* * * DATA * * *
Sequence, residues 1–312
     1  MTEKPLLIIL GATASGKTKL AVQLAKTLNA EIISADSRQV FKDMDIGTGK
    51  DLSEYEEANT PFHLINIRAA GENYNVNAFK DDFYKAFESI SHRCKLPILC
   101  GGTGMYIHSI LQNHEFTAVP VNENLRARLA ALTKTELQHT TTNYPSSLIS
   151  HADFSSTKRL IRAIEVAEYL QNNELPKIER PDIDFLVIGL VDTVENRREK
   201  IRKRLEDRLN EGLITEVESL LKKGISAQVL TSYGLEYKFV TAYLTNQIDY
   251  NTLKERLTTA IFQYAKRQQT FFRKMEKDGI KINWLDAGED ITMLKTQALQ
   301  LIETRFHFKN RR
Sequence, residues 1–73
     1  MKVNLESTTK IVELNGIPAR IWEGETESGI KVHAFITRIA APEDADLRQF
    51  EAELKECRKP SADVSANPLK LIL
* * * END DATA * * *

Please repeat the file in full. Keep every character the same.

Sequence, residues 1–312
     1  MTEKPLLIIL GATASGKTKL AVQLAKTLNA EIISADSRQV FKDMDIGTGK
    51  DLSEYEEANT PFHLINIRAA GENYNVNAFK DDFYKAFESI SHRCKLPILC
   101  GGTGMYIHSI LQNHEFTAVP VNENLRARLA ALTKTELQHT TTNYPSSLIS
   151  HADFSSTKRL IRAIEVAEYL QNNELPKIER PDIDFLVIGL VDTVENRREK
   201  IRKRLEDRLN EGLITEVESL LKKGISAQVL TSYGLEYKFV TAYLTNQIDY
   251  NTLKERLTTA IFQYAKRQQT FFRKMEKDGI KINWLDAGED ITMLKTQALQ
   301  LIETRFHFKN RR
Sequence, residues 1–73
     1  MKVNLESTTK IVELNGIPAR IWEGETESGI KVHAFITRIA APEDADLRQF
    51  EAELKECRKP SADVSANPLK LIL